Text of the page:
Your liability policy's value goes beyond its coverage of losses up to its stated policy limit. Especially if you find yourself in a complex lawsuit with numerous parties, your policy could provide significant value by obligating your insurance company to pay your attorneys' fees and costs. Therefore, when faced with a potentially-covered claim, it is important to not only give notice to your liability carrier, but also request that your carrier defend you against the claim, to make sure you get the full value out of your policy....

The “New” in Renew; Potential Changes to Insurance Policy Eligibility Requirements and Coverage Upon Renewal

Simply because you identified an appropriate policy and adequate coverage at some point in the past, does not mean that the policy is appropriate and the coverage is adequate for you now. Therefore, when you receive a renewal notice from your insurance company, it is best to fully re-evaluate your insurance coverage instead of blindly submitting the renewal premium....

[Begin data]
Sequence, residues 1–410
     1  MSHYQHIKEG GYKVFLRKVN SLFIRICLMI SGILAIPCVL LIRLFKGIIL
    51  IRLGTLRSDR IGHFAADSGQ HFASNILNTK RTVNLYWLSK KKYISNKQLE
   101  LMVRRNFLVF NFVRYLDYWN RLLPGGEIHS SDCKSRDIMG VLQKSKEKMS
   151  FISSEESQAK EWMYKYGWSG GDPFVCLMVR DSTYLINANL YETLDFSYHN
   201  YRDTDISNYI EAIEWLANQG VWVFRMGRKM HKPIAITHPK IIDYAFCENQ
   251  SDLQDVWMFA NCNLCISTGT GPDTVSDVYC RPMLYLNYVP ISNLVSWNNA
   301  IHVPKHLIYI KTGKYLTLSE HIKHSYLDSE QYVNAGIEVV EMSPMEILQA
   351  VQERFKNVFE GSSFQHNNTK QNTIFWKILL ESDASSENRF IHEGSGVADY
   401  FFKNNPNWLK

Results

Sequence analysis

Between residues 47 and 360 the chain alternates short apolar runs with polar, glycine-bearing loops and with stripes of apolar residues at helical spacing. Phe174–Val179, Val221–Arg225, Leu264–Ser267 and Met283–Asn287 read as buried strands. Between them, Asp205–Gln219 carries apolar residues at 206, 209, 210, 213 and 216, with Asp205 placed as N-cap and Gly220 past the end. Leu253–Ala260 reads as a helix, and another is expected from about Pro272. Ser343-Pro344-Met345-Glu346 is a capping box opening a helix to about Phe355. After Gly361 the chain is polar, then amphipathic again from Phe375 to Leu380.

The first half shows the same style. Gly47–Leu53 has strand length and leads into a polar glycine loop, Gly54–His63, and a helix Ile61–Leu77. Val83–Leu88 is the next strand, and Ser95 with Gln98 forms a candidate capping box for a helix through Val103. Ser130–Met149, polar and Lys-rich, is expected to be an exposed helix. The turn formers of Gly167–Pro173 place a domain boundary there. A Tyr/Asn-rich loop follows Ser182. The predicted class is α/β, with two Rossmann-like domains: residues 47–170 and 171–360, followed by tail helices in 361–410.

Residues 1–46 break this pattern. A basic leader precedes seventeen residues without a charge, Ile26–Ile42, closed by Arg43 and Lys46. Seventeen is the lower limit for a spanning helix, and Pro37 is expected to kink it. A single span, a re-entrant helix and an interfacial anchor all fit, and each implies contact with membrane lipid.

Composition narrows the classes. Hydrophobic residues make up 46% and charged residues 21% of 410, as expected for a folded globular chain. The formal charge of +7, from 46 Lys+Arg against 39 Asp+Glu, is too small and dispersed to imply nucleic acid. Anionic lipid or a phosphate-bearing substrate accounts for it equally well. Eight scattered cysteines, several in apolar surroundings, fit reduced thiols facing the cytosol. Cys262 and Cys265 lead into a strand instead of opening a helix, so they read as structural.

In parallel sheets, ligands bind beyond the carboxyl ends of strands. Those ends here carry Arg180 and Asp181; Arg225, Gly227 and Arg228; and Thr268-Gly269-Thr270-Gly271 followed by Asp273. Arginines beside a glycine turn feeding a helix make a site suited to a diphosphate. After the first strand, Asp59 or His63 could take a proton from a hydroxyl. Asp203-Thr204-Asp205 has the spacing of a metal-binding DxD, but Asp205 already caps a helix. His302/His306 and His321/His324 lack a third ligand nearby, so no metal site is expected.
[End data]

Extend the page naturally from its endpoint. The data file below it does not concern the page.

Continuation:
Design Professional Liability Legislation (Again)

For the third year in a row, the state legislature has introduced legislation to protect architects, engineers and other design professionals from claims for negligence in the performance of their professional services. In 2010 a bill passed both legislative houses but was vetoed by Governor Crist. Last year the bill did not get as far, but apparently proponents of the bill believe the third time may be the charm. Unfortunately, as in prior years this legislation is anti-consumer. Senate Bill 286, linked here, would provide that architects or engineers would no longer be personally liable for negligence arising out of their professional services. This would essentially limit people hiring these design professionals to breach of contract claims against the design professional’s business entity. This is a problem because most design contracts limit the design professional’s liability to some paltry amount that pales in comparison to the harm that comes from defective design. The steps that the...